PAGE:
How did you come up with the idea of Global from Home?

This past May I found myself a bit frustrated. I hadn’t been abroad in over three years and in all honesty, I was mad about it. Hubby’s job was really intense so he had little vacation time and because we had moved so much in the past three years, going abroad really wasn’t an option. I finally realized that I needed to stop complaining and look at what was around me. Living in San Diego at the time, international culture abounded. I thought that if I started a blog it would keep me accountable to seeking out culture. The blog has made me more intentional about going to festivals, cooking ethnic food, and building relationships with people from around the globe who just happen to live in my hometown.

Now that you’re in Oklahoma, what are your plans?

That is a bit up in the air but I have some thoughts. I do plan to keep up with Global from Home and continue to explore international cultures from OKC. I’m also applying for the PhD program at the University of Oklahoma in Higher Education with hopes to research the study abroad returnee experience. Currently I’m meeting with study abroad offices in the area to talk about starting a study abroad returnee conference. And finally, I’d like to start a Meet Up for people who enjoy exploring other cultures like I do. But in the end, I’m open to anything that comes my way that will allow me to help students have their own international experience.

What advice would you give someone who wants to be global from home?

Food is probably the easiest way to start being global from home. Google authentic recipes from a country you are interested in and try to make them. Research ethnic restaurants in your area and order the most traditional dish on the menu. Other easy ways to explore culture are to look for cultural festivals. The Greek Festival and Oktoberfest are pretty common ones to start with. If you are a reader, internationalize your reading list and add authors who are from a country you’ve visited. The same applies with movies. The most important thing is to just start and be intentional about adding culture into your weekly routine.

Me (in the yellow shirt) with three of my fabulous students

100 Ideas to be Global from Home

Now that I’m 100 posts in, I’ve discovered being Global from Home isn’t as difficult as I thought. If you are looking for ways to explore the world from your front door, here are 100 ways to get started!

  1. Volunteer with the local refugee community
  2. Read a book that takes place in your favorite global destination
  3. Try a new ethnic restaurant and ask the waiter for the most authentic dish
  4. Send postcards from home
  5. Donate to a scholarship fund to help students study abroad
  6. Get a pen pal
  7. Make a plan to practice your foreign language and keep it up!
  8. Go see a foreign film with a good friend
  9. Become a local guide for your city
  10. Find a language partner
  11. Host an international potluck
  12. Make a reading list that transverses the globe
  13. Live vicariously through other bloggers who are abroad
  14. Shop at an Asian market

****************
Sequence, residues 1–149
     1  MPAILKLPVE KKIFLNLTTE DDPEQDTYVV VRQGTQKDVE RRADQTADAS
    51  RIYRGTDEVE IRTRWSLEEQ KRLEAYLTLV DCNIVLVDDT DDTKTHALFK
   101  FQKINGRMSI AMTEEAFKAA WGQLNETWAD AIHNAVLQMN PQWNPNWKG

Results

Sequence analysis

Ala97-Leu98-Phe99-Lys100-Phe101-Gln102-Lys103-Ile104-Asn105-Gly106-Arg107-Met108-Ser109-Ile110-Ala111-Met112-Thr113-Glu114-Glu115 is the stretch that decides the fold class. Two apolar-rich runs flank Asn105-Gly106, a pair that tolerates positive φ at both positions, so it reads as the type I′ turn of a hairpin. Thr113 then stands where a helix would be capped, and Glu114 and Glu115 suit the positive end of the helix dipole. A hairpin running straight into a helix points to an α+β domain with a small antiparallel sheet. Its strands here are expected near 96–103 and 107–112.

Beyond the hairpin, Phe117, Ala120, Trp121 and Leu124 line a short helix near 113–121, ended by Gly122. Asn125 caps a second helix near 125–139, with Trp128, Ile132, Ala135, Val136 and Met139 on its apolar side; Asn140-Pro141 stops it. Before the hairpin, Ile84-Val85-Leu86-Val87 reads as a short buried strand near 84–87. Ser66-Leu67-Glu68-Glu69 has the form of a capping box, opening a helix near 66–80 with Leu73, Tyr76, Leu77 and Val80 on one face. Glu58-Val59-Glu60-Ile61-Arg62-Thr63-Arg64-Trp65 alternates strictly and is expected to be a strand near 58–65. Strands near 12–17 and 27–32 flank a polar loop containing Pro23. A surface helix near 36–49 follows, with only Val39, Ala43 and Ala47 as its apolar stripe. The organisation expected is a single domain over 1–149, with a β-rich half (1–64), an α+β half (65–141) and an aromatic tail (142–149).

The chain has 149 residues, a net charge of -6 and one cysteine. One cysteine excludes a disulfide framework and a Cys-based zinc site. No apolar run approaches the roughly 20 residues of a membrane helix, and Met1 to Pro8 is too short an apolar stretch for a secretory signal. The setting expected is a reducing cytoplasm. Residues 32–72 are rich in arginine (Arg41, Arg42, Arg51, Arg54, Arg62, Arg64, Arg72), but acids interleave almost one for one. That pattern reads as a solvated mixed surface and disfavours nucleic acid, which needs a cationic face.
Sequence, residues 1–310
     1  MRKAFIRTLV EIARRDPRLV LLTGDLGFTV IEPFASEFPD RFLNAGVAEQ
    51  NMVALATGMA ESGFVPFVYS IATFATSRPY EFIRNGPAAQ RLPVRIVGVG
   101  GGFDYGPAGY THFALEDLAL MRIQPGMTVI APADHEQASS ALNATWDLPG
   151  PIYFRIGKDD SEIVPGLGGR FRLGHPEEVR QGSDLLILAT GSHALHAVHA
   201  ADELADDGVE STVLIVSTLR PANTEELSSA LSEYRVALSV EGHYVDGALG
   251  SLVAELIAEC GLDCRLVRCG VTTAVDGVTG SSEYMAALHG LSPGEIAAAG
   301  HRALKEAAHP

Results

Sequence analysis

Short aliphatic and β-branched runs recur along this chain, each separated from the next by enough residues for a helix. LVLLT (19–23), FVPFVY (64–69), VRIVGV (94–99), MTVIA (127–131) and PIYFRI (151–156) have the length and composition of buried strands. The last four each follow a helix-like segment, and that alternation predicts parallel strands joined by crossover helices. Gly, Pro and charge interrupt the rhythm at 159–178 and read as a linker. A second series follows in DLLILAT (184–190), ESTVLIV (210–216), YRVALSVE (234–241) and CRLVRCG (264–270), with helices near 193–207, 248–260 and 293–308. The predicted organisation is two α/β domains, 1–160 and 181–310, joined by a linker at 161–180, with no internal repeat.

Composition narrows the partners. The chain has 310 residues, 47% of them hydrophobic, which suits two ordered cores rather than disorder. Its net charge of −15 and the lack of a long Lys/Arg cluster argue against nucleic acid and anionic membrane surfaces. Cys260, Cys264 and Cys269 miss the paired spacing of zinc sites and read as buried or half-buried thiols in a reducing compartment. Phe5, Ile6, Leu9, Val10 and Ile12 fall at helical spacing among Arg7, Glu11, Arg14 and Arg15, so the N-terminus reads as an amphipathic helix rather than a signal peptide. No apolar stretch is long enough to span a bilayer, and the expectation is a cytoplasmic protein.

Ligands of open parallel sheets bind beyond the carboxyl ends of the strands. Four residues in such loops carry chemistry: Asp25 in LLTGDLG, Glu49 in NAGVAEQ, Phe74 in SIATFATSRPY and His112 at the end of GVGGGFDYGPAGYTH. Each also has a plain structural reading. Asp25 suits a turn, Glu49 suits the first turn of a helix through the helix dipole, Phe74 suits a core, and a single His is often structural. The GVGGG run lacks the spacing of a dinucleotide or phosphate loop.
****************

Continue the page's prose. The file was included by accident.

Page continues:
15. Take a walk down memory lane looking at old travel photos
  16. Pin past and future travel spots on Pinterest
  17. Buy internationally-themed holiday gifts
  18. Talk to strangers
  19. Try different coffees from around the world
  20. Go to the opera
  21. Join Postcrossing
  22. See a Shakespeare play
  23. Take a sushi class
  24. Buy a molcajete and make some real Mexican dishes
  25. Include your global experiences on your resume
  26. Practice how you could answer interview questions with what you learned abroad
  27. Consider a career in international education
  28. Find a place of worship with an international focus
  29. Eat with your hands at an Ethiopian restaurant
  30. Have a cup of coffee with international visitors in your city
  31. Visit cultural districts in your town like Little Italy, China Town, or the Asian District
  32. Live out of a suitcase for a week…from home
  33. Explore your own city like it was a foreign destination
  34. Make origami
  35. Check out Meet Up for internationally themed events
  36. Watch international sporting events
  37. Buy country-specific children’s books for your kids or for gifts
  38. Decorate your home with pictures and art from your travels
  39. Make a recipe each week from a different country
  40. Learn a card game played abroad
  41. Do a little international house hunting for fun
  42. Make your own hometown cards
  43. Turn your pictures into jewelry
  44. Take a siesta
  45. Celebrate your birthday with traditions from around the world
  46. Research and make your travel bucket list
  47. Nominate an Abroad Blog of the Week
  48. Borrow an ethnic cookbook from the local library
  49. Join internationally-themed groups on Facebook
  50. Do a little pottering
  51. Share your favorite spots and itineraries with friends planning travel
  52. Get a subscription to National Geographic
  53. Start an international book club
  54. Go to cultural festivals
  55. Shop at online fair trade stores
  56. Start planning your next trip whether it will happen or not
  57. Collect international stamps or coins
  58. Host a 20×20 party
  59. Search You Tube for videos to help your language skills